After leaving the hospital, like all babies, Reiss always wanted to get up to feed several times per night. At a few months old, we tried the "Babywise" method of getting him on a schedule of eating and sleeping. Not being one to tolerate letting a baby cry it out and eventually coming to the conclusion that it's not the method God intended, we ditched the Babywise method and never looked back. These days I warn any new mother against this method but all new parents have to do what works for them, I suppose. Personally, I believe it's about what's best for the baby and not me, but maybe that's just me.
At eight months old, Reiss had still never slept through the night and was literally waking up some nights as often as every 15 - 45 minutes. When I say it's not about what's best for me, I sincerely mean it, but by this time I thought I was either going to die from lack of sleep, go crazy, go on a shooting spree to let out some frustration, or all three. Something had to be done and that is when we decided to let Reiss co-sleep with us.
Other than the sleeping issues, Reiss seemed to be developing fine. He crawled at around eight months, walked at thirteen months, had several words in his vocabulary, ate a varied diet, and was pretty well on target with his milestones. The only thing that stood out - and only to his doctor, not us - was that he was only in the 5-10 percentile on his weight. The lactation consultants at the hospital where I attended a weekly breastfeeding support group assured me that he was fine on his weight. They went on further to add that most doctors get their baby growth charts as promotional items from baby formula consultants visiting their offices and that formula-fed babies generally tend to gain more quickly than breastfed babies. Either way, we didn't mind. He was gaining weight regularly so we didn't think it was a big deal.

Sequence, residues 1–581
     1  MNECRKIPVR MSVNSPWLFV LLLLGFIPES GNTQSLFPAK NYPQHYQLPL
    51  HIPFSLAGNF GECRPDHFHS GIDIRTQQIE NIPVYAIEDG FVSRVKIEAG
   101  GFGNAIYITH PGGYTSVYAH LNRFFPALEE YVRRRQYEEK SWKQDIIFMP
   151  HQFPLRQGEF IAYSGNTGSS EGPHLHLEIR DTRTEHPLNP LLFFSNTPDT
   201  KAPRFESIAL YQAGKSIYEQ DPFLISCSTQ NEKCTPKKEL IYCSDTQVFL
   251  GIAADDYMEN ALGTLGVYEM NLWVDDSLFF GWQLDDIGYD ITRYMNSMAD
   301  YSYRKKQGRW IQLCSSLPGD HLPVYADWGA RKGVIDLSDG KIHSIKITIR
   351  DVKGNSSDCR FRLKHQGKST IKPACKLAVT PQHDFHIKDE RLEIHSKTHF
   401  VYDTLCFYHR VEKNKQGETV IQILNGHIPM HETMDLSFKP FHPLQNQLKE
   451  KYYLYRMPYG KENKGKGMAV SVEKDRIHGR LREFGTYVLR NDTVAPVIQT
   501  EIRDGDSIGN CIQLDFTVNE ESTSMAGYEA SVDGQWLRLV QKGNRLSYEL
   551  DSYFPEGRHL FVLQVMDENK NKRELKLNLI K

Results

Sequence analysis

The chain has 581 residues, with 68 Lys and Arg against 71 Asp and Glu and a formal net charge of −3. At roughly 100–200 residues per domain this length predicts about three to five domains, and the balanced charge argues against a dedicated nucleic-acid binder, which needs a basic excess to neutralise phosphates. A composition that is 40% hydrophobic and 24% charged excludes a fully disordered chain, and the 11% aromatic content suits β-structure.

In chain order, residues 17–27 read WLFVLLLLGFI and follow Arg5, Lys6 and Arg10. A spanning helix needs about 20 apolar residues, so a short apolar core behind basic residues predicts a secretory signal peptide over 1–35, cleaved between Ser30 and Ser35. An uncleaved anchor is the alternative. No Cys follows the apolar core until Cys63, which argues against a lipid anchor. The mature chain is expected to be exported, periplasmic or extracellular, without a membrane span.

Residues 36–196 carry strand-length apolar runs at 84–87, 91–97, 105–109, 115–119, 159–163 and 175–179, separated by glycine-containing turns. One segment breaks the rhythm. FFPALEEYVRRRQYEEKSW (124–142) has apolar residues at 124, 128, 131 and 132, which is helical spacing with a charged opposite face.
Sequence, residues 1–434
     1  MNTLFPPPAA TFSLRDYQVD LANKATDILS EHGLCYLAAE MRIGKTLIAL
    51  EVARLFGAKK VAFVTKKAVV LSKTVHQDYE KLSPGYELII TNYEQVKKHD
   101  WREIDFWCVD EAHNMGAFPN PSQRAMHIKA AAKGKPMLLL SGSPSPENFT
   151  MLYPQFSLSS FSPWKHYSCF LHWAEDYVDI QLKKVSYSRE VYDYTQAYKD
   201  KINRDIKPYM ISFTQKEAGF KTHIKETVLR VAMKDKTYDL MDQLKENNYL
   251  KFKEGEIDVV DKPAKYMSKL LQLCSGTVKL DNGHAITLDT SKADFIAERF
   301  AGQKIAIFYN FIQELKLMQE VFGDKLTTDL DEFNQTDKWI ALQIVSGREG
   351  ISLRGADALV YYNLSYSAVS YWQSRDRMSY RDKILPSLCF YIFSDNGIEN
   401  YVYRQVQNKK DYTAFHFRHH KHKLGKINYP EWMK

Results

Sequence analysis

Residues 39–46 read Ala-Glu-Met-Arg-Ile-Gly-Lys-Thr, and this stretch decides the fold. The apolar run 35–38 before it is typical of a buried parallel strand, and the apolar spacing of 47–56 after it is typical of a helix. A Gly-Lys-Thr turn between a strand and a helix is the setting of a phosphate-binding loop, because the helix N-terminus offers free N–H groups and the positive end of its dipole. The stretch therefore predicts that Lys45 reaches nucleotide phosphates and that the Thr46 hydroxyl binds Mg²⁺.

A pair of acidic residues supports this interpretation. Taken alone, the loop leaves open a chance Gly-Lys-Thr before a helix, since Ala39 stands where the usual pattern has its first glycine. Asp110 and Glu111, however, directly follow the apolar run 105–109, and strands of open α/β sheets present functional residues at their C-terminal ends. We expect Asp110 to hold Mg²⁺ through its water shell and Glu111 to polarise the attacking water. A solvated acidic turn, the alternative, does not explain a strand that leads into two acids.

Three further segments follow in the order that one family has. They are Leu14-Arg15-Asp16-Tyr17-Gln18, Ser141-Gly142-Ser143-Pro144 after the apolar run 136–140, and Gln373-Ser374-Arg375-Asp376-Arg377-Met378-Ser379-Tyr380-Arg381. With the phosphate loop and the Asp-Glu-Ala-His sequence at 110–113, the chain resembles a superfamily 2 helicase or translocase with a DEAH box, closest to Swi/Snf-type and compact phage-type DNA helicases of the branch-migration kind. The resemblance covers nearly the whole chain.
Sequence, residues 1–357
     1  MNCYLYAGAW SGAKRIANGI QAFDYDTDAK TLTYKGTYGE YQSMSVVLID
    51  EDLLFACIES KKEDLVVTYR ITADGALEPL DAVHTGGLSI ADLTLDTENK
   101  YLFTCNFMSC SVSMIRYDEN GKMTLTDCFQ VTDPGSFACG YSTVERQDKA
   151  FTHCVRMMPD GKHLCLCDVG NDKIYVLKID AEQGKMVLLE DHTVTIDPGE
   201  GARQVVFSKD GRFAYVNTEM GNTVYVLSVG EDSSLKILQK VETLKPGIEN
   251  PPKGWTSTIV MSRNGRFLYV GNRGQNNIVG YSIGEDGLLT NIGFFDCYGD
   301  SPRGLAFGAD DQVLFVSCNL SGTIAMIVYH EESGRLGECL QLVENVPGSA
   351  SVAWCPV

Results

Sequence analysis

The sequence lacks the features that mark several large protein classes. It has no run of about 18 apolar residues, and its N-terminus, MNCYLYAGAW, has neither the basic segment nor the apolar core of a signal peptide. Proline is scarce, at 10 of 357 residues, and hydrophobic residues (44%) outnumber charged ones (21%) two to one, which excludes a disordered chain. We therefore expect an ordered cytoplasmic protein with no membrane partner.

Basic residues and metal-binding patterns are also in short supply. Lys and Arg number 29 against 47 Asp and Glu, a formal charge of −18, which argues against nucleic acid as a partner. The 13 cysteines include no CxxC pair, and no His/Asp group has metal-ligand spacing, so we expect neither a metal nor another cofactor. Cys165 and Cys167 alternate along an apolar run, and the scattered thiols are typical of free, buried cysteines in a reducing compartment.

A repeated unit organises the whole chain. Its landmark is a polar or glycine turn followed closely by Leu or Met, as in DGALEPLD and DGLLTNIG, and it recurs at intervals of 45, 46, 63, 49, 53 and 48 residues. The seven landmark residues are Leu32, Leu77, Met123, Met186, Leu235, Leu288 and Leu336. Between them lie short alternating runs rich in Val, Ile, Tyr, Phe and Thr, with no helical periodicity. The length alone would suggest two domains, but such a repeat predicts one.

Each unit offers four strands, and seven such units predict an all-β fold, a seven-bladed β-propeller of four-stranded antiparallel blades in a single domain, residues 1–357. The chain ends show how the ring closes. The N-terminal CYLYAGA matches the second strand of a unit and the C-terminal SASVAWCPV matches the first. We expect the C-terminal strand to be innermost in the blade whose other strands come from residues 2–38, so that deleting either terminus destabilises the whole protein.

At just before thirteen months, Reiss received his one-year vaccinations. Not long after that, we began to see some changes. Reiss seemed to be developing at a much slower pace than before. He started losing some of the words he had previously said. He used to do the cutest thing where he would excitedly say "awesome" and do a little fist pump into the air. He stopped doing it. He stopped dancing whenever he heard music. He didn't seem as coordinated as he once had been. As time went on, we kept noticing things here and there that just didn't seem right but parents of older children assured us that children develop at their own pace and Reiss seemed "normal." Unfortunately, we didn't listen to the one and only person who told us that we should call First Steps if we had concerns. After all, why should we have? Everyone else assured us Reiss was just like other children.